First I'll just get the anachronisms and such out of the way. The film opens with a premiere at Grauman's Chinese Theater in Hollywood in early what I guestimate to be February of 1927. The problem is, Grauman's didn't open until May of 1927. In terms of costumes, it is rather amusing to see bobby-soxers running around Roaring Twenties Hollywood. These - among others - are really just technical things that only bother me, but as you know I must mention them. Moving on...

A good example of a jukebox musical, this was probably the "Moulin Rouge" of its time. It took songs from old black-and-white musicals of the 20's and 30's and did a wonderful job of entwining it throughout the plot. The numbers are well balanced, but small children may lose interest during parts of the "Broadway Melody Ballet" toward the end of the film.

Kelly and Reynolds share great chemistry on screen, despite problems teaching her how to dance (she had trained mostly in gymnastics). O'Connor brings slapstick and sarcasm, but I have to say my favorite actor in this film is Jean Hagen as Lina Lamont. It takes a lot of talent to pretend to be bad well, and she goes all the way. Lina is just one of those characters you love to hate, and her oblivious musings make for some of the most charming humor throughout the movie.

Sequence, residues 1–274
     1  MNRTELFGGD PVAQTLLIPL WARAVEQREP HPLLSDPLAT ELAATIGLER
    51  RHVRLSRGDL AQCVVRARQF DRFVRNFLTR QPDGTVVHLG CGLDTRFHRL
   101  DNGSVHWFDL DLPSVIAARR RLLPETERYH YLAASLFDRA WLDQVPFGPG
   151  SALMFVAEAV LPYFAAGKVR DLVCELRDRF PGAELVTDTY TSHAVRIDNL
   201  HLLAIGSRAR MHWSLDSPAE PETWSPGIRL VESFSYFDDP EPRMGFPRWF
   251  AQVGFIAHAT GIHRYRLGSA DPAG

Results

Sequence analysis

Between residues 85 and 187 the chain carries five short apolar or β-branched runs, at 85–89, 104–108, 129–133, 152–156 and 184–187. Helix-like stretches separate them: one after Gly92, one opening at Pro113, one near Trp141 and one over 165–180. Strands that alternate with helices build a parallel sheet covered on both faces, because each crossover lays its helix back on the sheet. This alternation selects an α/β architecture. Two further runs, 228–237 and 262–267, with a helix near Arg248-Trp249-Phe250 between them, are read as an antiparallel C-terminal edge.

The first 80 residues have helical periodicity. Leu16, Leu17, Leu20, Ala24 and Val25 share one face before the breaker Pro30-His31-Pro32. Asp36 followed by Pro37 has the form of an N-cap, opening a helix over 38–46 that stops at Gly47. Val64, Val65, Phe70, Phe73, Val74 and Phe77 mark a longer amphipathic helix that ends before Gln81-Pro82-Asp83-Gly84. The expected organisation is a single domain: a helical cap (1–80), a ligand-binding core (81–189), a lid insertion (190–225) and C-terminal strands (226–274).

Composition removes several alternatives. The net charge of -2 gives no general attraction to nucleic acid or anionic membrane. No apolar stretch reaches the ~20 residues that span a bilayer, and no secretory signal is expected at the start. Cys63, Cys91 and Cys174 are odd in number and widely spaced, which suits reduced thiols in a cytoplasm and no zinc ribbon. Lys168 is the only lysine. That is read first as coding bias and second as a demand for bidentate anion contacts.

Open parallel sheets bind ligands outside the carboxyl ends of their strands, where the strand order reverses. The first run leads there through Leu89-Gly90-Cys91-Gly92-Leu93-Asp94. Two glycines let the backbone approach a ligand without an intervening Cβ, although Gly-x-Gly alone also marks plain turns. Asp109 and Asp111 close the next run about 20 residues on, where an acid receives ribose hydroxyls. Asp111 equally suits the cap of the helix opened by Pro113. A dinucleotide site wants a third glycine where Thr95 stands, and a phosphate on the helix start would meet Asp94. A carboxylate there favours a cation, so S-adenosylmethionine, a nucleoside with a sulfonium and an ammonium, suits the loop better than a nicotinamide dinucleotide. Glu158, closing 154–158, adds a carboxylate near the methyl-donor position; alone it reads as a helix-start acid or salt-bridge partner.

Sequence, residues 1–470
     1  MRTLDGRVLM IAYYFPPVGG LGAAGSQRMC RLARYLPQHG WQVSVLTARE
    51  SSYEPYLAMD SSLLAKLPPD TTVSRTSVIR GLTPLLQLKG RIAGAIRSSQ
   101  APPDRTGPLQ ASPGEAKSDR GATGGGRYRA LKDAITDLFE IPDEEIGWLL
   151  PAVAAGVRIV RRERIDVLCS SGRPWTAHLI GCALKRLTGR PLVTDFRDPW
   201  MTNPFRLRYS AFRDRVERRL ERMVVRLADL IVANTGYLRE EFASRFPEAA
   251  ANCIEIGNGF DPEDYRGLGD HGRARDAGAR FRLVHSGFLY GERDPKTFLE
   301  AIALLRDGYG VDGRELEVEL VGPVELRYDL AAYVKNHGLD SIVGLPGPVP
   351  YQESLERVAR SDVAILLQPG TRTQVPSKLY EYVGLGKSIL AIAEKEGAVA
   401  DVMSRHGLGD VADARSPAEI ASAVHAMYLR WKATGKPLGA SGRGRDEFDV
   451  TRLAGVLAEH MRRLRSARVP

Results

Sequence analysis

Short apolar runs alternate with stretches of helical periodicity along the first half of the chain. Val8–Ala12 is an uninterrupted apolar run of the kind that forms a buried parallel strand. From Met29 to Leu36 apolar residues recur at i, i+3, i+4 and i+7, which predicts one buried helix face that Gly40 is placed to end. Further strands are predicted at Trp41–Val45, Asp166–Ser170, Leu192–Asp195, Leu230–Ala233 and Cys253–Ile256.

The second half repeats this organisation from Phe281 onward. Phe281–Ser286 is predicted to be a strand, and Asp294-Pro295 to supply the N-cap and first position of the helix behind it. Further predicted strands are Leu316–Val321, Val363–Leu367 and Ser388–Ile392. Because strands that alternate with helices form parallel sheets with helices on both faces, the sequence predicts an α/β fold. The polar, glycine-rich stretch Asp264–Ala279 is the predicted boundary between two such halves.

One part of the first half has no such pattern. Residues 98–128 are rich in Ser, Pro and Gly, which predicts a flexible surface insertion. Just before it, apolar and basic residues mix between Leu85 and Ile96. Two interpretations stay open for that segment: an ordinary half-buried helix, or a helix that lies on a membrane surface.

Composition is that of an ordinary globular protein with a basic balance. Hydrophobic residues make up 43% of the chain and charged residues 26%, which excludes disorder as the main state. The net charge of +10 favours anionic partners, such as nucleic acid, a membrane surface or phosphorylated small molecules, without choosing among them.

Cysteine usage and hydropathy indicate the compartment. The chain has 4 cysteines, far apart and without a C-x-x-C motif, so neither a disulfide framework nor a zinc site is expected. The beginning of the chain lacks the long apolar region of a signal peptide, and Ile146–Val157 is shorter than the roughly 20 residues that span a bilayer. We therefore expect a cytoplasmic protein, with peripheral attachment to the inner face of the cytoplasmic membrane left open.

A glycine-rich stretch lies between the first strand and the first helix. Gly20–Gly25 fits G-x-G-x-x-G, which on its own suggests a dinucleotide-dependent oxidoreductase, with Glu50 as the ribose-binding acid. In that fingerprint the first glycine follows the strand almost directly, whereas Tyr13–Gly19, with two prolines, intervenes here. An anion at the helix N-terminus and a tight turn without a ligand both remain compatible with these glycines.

Needless to say the dancing is phenomenal.

This is the ultimate feel-good movie. You can't go wrong with "Singin' In The Rain"

Nostalgically Yours

Thursday, January 7, 2010

Food For Thought

If people go to heaven after they die, does that mean they're not allowed to worry about us anymore? Think about it: "heaven" to most is a place of rest and relaxation where earthly troubles are no more. So, does that mean our ancestors aren't watching over us? Because, if they were, wouldn't they be at least a bit worried? Or do they have insight into the future, or into the deeper meanings of what we as mortals barely grasp?

I like to think that loved ones who have passed on are watching over us, keeping us out of harm's way, but is that selfish? Is my attachment to my dead ancestors keeping them in the physical plane too long? I don't feel like any of us would have that much power of what goes on, though. I feel like any lingering attachment would have to come from them.

Just some thoughts on the afterlife. I think it would be cool to watch over my descendants :)

Think about it.

Nostalgically Yours

Wednesday, January 6, 2010

People's Choice Awards - Food for Thought

I watched the awards show tonight, and it occurred to me that much of the musical talent we have these days doesn't sound good live (please note: this is not in reference to Mary J. Blige). Isn't the point of being a famous musical artist to sound good live? I think it says a lot about us as a society that we rely so much on technology that we're willing to overlook talent, or a lack thereof.

Just some food for thought...

Nostalgically Yours

Monday, January 4, 2010

"Nine" Review - No Spoilers